condacommand available on your computer, and you can then use
condato install and update more python packages and their dependencies.
defaultchannel (or repository) provided by the conda repository. This is not very useful because we will be mostly using (the same) packages provided by the conda-forge channel.
Note: some extra details are available on the much older page Installing and maintaining UV-CDAT with conda. You can check later the Useful conda commands, but the official conda documentation and the Cheat sheet are probably more up-to-date.
By Linux-like, we mean:
wgetto download the installer:
wget https://repo.anaconda.com/miniconda/Miniconda3-latest-Linux-x86_64.sh(90 Mb, 26 Feb 2021)
Do you wish the installer to initialize Miniconda3 by running conda init? [yes|no]⇒ NO
/home/your_login/directory does not work. You need to accept the installation in the default location:
miniconda3directory size is 342M
> du -sh miniconda3 342M miniconda3 > cd miniconda3 > du -sh * 20M bin 0 compiler_compat 4.0K condabin 684K conda-meta 0 envs 16K etc 5.5M include 4.0K info 198M lib 12K LICENSE.txt 114M pkgs 604K share 4.0K shell 0 ssl 0 x86_64-conda_cos6-linux-gnu
condacommand, and use it to initialize the base environment
$ which conda <installation_path>/miniconda3/condabin/conda $ which python /usr/bin/python $ conda activate (base) $ which python <installation_path>/miniconda3/bin/python
$ conda update --all [...]
miniconda3directory size goes from 432 Mb to 581 Mb. This directory will keep on growing, which is the reason why you should put it on a (preferably non backed up) disk where you have enough space
condapackage (just in case we did not get it with the update)
conda update -n base conda
When you open a terminal, your shell needs to know where to find the
conda command used to initialize an environment, or switch between environments
You were asked the following question when installing miniconda3: Do you wish the installer to initialize Miniconda3 by running conda init? [yes|no]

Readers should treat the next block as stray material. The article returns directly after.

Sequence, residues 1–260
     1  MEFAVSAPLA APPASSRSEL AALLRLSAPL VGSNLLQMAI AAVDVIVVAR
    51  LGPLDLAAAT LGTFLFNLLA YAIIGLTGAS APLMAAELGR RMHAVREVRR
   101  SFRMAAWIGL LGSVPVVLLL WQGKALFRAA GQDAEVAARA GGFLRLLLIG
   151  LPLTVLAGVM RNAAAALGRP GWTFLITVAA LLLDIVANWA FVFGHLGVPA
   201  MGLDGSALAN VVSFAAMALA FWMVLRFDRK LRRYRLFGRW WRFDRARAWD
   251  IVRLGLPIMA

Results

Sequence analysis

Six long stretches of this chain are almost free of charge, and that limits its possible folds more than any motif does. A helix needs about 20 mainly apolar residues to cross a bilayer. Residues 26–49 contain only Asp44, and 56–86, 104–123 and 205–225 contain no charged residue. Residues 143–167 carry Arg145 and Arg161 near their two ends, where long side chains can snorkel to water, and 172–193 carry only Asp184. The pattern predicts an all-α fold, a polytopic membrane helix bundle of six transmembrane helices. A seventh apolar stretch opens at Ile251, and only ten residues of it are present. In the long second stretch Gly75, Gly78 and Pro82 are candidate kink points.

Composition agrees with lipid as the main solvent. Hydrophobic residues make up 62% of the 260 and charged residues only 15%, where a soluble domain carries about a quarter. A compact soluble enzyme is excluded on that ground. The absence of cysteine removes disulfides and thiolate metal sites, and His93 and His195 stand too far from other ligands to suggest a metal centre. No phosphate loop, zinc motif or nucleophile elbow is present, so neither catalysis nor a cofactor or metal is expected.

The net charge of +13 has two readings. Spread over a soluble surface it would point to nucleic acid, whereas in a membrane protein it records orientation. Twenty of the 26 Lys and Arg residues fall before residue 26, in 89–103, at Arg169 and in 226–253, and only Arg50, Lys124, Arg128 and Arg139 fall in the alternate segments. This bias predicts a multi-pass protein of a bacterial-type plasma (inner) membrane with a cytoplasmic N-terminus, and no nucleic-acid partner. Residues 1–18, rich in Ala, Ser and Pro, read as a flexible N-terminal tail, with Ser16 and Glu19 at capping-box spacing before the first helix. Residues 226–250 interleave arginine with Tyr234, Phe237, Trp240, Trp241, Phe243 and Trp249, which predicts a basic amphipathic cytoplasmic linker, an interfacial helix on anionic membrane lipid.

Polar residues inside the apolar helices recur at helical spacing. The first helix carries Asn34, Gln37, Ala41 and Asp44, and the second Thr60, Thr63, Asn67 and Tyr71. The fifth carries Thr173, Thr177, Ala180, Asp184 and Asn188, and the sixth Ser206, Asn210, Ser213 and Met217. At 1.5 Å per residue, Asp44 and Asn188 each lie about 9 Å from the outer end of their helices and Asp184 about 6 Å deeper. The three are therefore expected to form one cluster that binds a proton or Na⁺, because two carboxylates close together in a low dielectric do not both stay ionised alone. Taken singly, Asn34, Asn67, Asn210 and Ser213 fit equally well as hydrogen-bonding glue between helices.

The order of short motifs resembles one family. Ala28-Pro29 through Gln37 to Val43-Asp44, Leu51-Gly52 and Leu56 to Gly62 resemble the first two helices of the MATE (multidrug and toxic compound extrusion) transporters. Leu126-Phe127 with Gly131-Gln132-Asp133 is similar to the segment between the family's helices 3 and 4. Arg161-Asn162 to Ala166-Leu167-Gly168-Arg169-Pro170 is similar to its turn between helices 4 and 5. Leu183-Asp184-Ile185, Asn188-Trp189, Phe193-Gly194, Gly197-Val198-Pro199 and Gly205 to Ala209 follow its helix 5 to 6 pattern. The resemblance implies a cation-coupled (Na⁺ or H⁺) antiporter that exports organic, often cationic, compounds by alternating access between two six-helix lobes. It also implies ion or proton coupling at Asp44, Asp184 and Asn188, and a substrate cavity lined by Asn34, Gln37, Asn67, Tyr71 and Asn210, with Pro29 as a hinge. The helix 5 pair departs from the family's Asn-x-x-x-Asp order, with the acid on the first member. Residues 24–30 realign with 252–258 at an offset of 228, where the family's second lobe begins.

condadirectly available when you open a new terminal
We choose not to add a
conda activate env_name line to the shell configuration files, in order to avoid side effects. When we open a new terminal, we get the default python available on the system. When we need a specific python environment, we just open a new window and then explicitly type:
conda activate env_name
In the case of python environments maintained by a single user, but used by several users, we could do the same as in the General case, but it can be useful to have the users source an intermediate initialization file, that will then source the initialization file used in the general case. This makes it easier to maintain and change the environments, without asking users to make changes.
.conda3_jyp.shfile looking like conda3_jyp.sh.txt
.conda3_jyp.cshfile looking like conda3_jyp.csh.txt
conda will probably work fine with the default settings for creating new environments with just one package (e.g. just PyFerret).
We intend to create complex environments (combining lots of packages, with complex dependencies) and it is highly recommended to use the specific settings described in this section
conda config –show
Most of the packages we will install will be provided by the conda-forge channel (
-c conda-forge option). The installation steps will also add dependencies that will theoretically come from conda-forge, but could also come from the defaults channel.
The following will make sure that we only get packages from conda-forge unless the requested packages really don't exist on conda-forge (see Managing channels and Using multiple channels => How to fix it)
$ conda config --add channels conda-forge $ conda config --set channel_priority strict $ cat ~/.condarc channels: - conda-forge - defaults channel_priority: strict
Even when using a proper
.condarc in order to get packages coming only from conda-forge,
conda install may fail to solve the dependencies after meditating during an enormous time (e.g. Solving environment: failed with initial frozen solve. Retrying with flexible solve.), when we try to deal with complex environments (i.e. we already have lots of installed packages and we want to install even more packages).
Using CDAT as a base environment, and adding a lot of extra packages is a complex environment.